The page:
NHS Tayside cash to quit smoking scheme 'success'
Only one in five pregnant women paid by NHS Tayside to stop smoking is able to quit for more than three months after their baby is born, figures have shown.
But health officials said the number was higher than any other smoking cessation scheme in Scotland.
And almost 60% of the participants - who were given £12.50 a week if they passed a breath test - gave up smoking for four weeks, the health board said.
The money can be used to buy baby products or groceries.
Participants attend a pharmacy every week for carbon monoxide tests and only received the money, credited to a store card, if they could prove they had not smoked.
Support worker Tracey Furness said: "Giving up smoking is the single most important lifestyle decision that anyone can make to improve their health immediately and this is especially true in the case of pregnant women.
"Women who smoke during pregnancy run a higher risk of miscarriage and are more likely to have babies who develop health problems in later years."
NHS Tayside said 60% of participants in Perth and Kinross on the Give It Up For Baby programme had managed to stay smoke free for four weeks.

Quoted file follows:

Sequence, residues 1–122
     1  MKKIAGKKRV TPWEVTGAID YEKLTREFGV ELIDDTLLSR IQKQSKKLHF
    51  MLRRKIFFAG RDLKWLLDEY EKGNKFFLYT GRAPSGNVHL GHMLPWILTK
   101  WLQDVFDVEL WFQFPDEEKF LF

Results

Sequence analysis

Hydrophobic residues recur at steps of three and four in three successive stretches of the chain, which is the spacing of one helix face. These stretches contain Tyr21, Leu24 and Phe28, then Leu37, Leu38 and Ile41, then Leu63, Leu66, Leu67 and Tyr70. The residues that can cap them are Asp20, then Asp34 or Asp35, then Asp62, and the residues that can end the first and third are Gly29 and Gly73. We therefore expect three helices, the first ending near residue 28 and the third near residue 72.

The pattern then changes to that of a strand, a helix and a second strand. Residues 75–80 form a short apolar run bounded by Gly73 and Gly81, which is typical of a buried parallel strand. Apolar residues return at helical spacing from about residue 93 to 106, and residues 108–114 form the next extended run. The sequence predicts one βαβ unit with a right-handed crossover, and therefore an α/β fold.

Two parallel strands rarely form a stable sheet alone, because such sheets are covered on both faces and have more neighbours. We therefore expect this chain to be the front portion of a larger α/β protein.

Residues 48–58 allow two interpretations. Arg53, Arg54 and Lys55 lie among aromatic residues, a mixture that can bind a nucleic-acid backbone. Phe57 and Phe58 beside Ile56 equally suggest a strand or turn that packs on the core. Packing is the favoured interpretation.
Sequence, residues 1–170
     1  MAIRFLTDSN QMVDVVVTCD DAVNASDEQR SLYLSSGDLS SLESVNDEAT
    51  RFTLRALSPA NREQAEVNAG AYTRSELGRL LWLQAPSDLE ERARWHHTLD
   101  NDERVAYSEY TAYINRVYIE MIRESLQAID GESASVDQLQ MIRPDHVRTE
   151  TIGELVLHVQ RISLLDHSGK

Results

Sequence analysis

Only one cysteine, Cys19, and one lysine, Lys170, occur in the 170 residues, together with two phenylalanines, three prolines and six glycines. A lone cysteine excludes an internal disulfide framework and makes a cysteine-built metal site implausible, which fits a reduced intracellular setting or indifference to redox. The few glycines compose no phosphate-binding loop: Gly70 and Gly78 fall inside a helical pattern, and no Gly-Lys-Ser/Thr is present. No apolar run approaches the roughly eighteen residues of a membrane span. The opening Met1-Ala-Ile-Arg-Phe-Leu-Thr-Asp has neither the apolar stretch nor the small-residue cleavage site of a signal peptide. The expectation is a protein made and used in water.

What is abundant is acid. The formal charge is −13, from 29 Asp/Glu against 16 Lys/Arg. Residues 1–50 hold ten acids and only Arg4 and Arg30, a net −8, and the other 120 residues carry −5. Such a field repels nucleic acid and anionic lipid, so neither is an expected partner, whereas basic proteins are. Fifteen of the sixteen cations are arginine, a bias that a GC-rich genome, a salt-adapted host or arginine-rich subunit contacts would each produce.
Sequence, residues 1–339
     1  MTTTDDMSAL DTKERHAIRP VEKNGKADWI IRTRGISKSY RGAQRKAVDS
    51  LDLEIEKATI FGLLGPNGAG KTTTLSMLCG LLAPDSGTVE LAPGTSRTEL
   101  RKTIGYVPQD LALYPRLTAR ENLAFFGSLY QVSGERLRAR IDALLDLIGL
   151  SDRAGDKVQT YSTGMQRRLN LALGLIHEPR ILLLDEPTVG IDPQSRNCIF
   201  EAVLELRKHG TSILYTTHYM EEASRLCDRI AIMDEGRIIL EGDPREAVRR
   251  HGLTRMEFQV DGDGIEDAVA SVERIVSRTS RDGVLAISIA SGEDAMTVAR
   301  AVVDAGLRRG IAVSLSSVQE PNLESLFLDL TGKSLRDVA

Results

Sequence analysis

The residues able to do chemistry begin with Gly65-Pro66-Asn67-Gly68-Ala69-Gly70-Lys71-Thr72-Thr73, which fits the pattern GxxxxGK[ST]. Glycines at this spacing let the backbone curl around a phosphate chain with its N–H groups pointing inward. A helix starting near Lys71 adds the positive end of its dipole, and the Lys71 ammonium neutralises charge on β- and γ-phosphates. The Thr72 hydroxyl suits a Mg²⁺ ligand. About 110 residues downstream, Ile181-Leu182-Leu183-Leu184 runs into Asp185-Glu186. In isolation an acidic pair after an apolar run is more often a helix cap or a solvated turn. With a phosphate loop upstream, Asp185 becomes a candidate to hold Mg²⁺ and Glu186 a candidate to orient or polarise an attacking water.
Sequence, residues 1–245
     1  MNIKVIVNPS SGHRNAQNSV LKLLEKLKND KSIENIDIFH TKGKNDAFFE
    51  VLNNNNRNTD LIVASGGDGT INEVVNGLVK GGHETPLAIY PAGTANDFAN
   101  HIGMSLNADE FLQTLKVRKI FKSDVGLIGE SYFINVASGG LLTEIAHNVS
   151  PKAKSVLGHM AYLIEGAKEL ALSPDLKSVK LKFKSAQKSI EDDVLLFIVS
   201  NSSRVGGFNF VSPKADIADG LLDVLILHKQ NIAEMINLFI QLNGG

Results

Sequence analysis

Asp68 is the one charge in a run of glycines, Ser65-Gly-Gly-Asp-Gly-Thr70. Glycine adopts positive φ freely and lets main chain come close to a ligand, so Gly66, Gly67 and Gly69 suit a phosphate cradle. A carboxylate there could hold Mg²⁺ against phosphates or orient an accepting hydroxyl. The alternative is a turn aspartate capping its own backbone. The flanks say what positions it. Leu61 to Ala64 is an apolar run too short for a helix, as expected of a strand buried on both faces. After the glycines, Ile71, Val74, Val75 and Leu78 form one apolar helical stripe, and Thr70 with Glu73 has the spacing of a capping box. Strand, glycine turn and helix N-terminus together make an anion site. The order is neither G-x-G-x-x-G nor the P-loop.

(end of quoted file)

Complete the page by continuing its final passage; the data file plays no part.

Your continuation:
This compares with about 50% of people on other smoking cessation schemes in Scotland, which do not involve a financial incentive, according to the latest figures collected by the Scottish Public Health Observatory.
After 12 weeks, 36% were still not smoking - as opposed to 16% on other schemes. And 21.5% stayed off cigarettes for at least three months after the birth of their child.
The health board said similar figures had been reported for Dundee and Angus, though the success rate was not quite as high.
Since its launch in 2008, 678 women across Tayside have signed up for the scheme.
Sheila Duffy, chief executive of anti-smoking charity Ash Scotland, said: "Give It Up For Baby in Tayside has been an innovative project and I very much welcome the improved rates of pregnant women quitting.
"Smoking in pregnancy carries serious risks both for the woman and her unborn child so it is vital that there is good accessible help and support for women who want to stop.
"We also need to do everything possible to stop young people becoming hooked on smoking in the first place."
A similar scheme, targeting smokers in Dundee, was launched in 2009.